In Renaissance times when architectural drawings burgeoned and several new types emerged, the drawings were circulated for the purpose of communication among professionals. Linear perspective, seemingly perfected by the architect Filippo Brunelleschi early in the fifteenth century, was little used by architects for several decades. They developed modern orthographic projection: elevations in scale, vertical sections sometimes including elevation proportions, and horizontal sections (plans) occasionally with diagrammatic insertions from other horizontal planes of the building. Orthography does achieve an absolute vision, but only parts, and some of the parts – the vertical and horizontal sections – are meaningful only to professionals; in fact they are in a way inner visions of situations that really do not exist and cannot actually be seen by man. 

One of the interesting aspects of recent architectural renderings is the popularity of paraline drawings – especially isometrics and axonometrics. Both are essentially isometric, that is to say, that they are in exact scale, and receding lines do not converge to a point at infinity as they do in perspective renderings. Such methods have apparently been known and practised since very ancient times; they have been appreciated in relatively modern times by such architects as Ledoux and Boullée, in the late eighteenth century. But they seem to have only become popular in the 1920s when two similar wings of the Modern Movement – the Dutch Neo-plasticists and the Soviet Suprematist/Constructivists began to employ these methods at about the same time. Van Doesburg and van Eesteren’s 1922–3 axonometrics of the planes and masses of architecture were exhibited in Paris in 1923. Actually painters had been struggling against the 500-year tyranny of linear perspective since the late nineteenth century, but had tended to produce only texturing, or reversions to early Christian, or Picasso/Braque Analytic Cubism – fluttering, incomplete fragments of overlapping planes in a shallow space. It remained for two movements completely dedicated to Platonic geometric form and not to variegated surface effects, to make the break and produce precise, scaled overviews of actuality, that seem to be pictures of architectural models when, frequently, they are in fact cutaway drawings.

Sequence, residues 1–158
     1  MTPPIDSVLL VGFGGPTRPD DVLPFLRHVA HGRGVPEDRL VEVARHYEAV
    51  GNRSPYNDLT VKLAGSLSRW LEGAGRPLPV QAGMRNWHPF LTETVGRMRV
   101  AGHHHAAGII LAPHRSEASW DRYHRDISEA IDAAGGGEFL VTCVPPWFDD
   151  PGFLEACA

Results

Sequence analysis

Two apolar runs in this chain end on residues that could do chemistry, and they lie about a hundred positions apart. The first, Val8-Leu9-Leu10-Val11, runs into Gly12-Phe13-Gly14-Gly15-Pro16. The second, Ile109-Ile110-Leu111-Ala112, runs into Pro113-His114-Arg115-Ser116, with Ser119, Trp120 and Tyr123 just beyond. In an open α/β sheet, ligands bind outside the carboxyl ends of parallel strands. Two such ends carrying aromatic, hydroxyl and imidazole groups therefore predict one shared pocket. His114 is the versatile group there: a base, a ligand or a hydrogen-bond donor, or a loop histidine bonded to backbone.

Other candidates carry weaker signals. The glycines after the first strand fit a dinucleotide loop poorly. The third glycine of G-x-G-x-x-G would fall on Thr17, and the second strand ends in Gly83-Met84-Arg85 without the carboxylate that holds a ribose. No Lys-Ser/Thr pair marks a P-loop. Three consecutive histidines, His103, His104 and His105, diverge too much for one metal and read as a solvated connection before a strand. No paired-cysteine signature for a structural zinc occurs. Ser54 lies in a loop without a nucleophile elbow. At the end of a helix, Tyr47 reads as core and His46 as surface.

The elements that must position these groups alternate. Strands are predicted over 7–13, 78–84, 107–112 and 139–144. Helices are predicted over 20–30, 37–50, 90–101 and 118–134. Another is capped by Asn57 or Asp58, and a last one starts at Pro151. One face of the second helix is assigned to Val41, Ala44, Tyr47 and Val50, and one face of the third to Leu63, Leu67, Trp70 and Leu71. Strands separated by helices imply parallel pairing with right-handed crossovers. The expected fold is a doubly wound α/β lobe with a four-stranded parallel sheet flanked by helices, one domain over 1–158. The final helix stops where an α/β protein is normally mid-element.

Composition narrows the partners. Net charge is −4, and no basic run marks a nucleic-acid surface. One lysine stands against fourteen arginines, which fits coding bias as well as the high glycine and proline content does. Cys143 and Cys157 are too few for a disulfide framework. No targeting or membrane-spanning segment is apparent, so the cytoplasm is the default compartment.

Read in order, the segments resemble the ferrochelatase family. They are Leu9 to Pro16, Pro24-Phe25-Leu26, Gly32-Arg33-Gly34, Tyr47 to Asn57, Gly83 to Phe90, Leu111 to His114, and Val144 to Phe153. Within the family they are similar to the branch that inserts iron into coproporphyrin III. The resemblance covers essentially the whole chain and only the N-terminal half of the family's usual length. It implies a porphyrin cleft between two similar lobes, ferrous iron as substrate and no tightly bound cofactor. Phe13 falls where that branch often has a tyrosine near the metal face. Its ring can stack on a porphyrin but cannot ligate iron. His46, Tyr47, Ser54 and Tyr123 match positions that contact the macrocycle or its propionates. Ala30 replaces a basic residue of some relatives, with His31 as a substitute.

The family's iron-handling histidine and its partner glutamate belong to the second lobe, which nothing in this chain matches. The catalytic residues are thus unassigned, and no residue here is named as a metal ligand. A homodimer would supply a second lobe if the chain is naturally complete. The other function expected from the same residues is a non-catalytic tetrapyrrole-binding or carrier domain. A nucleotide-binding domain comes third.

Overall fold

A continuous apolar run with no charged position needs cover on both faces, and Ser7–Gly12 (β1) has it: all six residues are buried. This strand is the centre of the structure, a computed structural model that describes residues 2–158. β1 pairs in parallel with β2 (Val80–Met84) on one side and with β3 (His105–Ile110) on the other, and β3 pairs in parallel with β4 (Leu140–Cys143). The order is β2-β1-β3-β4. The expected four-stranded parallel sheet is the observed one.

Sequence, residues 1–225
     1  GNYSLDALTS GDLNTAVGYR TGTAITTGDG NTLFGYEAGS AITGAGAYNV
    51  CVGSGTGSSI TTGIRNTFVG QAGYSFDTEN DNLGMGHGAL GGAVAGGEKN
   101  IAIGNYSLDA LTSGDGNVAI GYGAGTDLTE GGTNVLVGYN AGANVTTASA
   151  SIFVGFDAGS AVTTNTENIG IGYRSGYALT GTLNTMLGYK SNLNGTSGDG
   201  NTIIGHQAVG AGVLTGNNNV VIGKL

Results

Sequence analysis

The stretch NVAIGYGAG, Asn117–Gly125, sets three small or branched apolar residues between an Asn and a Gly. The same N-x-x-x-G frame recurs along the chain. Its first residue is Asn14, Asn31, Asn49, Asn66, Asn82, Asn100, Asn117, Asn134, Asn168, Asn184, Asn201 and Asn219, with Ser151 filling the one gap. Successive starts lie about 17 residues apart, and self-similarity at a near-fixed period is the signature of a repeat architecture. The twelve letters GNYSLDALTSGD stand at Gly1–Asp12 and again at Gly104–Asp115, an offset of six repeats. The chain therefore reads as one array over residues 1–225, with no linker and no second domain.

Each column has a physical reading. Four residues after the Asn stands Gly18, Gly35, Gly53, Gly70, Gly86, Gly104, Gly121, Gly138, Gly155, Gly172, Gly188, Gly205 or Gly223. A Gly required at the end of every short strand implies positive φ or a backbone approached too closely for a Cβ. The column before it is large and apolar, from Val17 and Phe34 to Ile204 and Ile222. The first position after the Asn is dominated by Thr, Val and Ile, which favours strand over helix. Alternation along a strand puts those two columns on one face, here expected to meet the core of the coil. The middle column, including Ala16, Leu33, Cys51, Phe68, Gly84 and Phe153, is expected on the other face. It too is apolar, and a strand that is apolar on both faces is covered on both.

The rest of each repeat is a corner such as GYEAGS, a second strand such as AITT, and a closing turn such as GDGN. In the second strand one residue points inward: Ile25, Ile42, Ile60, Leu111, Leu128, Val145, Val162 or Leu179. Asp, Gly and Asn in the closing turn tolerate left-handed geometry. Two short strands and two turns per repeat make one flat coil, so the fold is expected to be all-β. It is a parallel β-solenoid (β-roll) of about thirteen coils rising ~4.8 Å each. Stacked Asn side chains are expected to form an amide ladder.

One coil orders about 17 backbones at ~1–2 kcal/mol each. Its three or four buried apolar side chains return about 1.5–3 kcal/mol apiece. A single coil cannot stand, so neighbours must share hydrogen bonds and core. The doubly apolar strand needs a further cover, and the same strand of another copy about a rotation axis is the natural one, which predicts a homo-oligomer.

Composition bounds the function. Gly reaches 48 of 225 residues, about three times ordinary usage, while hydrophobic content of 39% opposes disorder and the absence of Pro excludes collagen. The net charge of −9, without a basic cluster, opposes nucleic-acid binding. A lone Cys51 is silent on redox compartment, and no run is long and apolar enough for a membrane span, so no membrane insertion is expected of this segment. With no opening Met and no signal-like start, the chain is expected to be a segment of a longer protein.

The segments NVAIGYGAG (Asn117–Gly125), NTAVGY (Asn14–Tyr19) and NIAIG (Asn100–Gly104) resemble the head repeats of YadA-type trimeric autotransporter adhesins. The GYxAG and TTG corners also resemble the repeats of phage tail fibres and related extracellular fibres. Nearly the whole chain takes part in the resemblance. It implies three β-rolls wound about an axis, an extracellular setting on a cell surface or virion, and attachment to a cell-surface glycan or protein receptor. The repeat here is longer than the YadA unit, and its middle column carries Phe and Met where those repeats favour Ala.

Paraline drawings have another, practical advantage in that they can be made to look like built models, but are less expensive for an office to build and ship than are the bulky or often delicate models – ponderous if made of wood or metal, fragile if made of cardboard or paper. 

Recently the medium of architectural drawing has been fruitfully invaded by others to such an extent that the designation ‘architectural drawing’ may have become somewhat indeterminate. Drawing, in its definition by the Drawing Centre in New York, is any work on or of paper, i.e., ‘papery’. This means that an architectural model made of cardboard or paper can be classified as a drawing. As for the other end of the term ‘architectural’, an architect need not make the drawing, provided it represents some aspect of architecture either to any spectator or for the draughtsman who, actually, may have in mind a toaster, a cave, a snail shell, or simple porridge (i.e., mud architecture). 

If the RIBA and the AIA will acknowledge paper architecture as on a par with built buildings, the range of what can be presented in an exhibition such as this is immensely magnified and enriched, although there is the danger that it might be undifferentiated from any other show in an art gallery. But if architects are, as I have suggested, trying to achieve an absolute world, they will be aided in this by the intrusion of the cosmic fictions of poets, novelists, painters, sculptors, graphic artists, and even engineers.